Here is an article about the dung beetle that I found interesting. http://attra.ncat.org/attra-pub/dungbeetle.html
 
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plumber_greg

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I do use a flex tine harrow, and the panel idea is a good one. I had heard of it before, just forgot I knew that. Just wondering, how late in the year is too late. The main thing would be, when does it do damage to the clovers,etc. Can you harrow it too early? I know if the patties are froze you ain't doing any good, but does it do the same things if you harrowed in Jan. versus March? Thanks gs
 

BeefmasterB

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novatech":29kof5xo said:
Dragging or chaining has brought up another question for me. I understand that dragging is beneficial in that it helps break up the cow patties and disrupts the parasite cycle.(Or are we actually spreading them?) Are we doing as much harm as good? For one the nitrogen in cattle manure volatilizes rapidly. So by spreading it you increase the volitalization. Secondly, dung beetles use the patties as homes and as a food source. By dragging we destroy the habitat and therefore the nitrogen and other nutrients are not carried down into the soil?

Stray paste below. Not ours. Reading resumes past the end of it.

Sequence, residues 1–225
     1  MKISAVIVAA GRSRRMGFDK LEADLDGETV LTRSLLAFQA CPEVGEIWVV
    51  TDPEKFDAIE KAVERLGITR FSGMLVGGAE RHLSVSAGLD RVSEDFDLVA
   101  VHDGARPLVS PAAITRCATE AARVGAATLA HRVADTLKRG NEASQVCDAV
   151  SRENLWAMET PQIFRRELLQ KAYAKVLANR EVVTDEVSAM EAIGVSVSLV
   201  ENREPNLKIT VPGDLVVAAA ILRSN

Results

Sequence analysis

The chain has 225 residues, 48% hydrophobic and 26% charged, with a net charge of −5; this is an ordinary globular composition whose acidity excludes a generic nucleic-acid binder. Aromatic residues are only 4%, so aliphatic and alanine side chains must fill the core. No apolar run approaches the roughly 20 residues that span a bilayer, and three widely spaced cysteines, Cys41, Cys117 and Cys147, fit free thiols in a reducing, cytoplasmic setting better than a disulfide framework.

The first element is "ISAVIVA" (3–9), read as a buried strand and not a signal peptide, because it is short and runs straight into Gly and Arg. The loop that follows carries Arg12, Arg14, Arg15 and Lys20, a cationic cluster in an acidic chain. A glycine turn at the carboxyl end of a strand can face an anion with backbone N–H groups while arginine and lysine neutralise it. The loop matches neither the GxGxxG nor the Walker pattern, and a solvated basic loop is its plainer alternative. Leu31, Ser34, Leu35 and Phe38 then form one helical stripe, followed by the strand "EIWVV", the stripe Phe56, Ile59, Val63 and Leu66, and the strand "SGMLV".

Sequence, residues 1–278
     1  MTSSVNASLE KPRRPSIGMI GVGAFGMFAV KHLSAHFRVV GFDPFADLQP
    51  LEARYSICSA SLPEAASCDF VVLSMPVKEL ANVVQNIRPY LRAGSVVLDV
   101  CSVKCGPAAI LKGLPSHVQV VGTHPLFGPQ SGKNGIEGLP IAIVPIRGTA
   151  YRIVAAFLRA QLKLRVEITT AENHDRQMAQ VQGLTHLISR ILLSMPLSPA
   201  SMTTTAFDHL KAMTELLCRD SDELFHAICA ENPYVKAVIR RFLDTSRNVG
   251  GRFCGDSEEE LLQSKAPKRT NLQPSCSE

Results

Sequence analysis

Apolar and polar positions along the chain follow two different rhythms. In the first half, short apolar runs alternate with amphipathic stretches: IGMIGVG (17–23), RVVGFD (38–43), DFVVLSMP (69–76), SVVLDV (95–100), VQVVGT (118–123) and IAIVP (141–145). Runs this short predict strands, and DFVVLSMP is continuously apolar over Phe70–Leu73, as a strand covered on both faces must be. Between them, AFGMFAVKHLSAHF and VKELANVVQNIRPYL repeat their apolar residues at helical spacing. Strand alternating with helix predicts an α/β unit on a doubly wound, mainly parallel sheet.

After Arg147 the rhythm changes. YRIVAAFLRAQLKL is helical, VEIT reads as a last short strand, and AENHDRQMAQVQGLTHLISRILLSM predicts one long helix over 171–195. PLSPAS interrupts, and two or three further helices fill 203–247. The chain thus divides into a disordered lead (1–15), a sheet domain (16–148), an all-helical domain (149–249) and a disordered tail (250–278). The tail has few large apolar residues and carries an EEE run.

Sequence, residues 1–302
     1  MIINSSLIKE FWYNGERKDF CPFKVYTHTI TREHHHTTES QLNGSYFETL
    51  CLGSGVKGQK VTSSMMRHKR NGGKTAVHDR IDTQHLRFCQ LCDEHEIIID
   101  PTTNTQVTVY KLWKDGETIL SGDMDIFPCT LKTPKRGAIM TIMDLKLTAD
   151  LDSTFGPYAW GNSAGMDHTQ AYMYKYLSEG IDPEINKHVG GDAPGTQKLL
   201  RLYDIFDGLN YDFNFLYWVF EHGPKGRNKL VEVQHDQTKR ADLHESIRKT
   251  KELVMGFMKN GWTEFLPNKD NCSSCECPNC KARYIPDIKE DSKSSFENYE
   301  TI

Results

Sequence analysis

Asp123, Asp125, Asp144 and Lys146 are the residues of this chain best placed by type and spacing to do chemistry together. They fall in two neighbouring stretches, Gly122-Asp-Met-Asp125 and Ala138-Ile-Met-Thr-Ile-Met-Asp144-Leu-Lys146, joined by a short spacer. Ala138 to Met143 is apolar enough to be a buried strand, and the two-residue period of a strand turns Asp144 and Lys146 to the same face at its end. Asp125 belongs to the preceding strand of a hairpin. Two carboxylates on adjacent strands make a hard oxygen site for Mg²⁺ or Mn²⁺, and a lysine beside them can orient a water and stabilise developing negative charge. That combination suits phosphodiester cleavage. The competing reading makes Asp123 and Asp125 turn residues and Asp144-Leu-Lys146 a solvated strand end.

Here is an article about the dung beetle that I found interesting. http://attra.ncat.org/attra-pub/dungbeetle.html

I hear that coffee they serve over at the Bucaneer is some weird stuff ;-). In any case you might want to set aside an area then, just for the dung beetles. Could be a little market for them!

While the nitrogen in the cow dung might volatize a bit, I would think that the manure would still help to condition the soil if spread out. If it could be spread while fresh then the nitrogen would spread too and still benefit the surrounding area.

I have used the cattle panels (heavy wire type) as a drag but you have to rig them in a way that they dont't fold or bend too easily. I placed weights along the front and sides, up on top of the panel, so as to prevent permanent bending from the likes of hitting ant mounds and other obstacles. It worked pretty well and spread the dung efficiently. I have also chained a bunch of old tractor tires together and drug the set behind the tractor. Those tires take a whole lot of abuse and knock down those ant mounds too!
 

SRBeef

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I have pastures that I subdivide with an electric cross wire advanced every 5-7 days or so depending on the season, grass etc.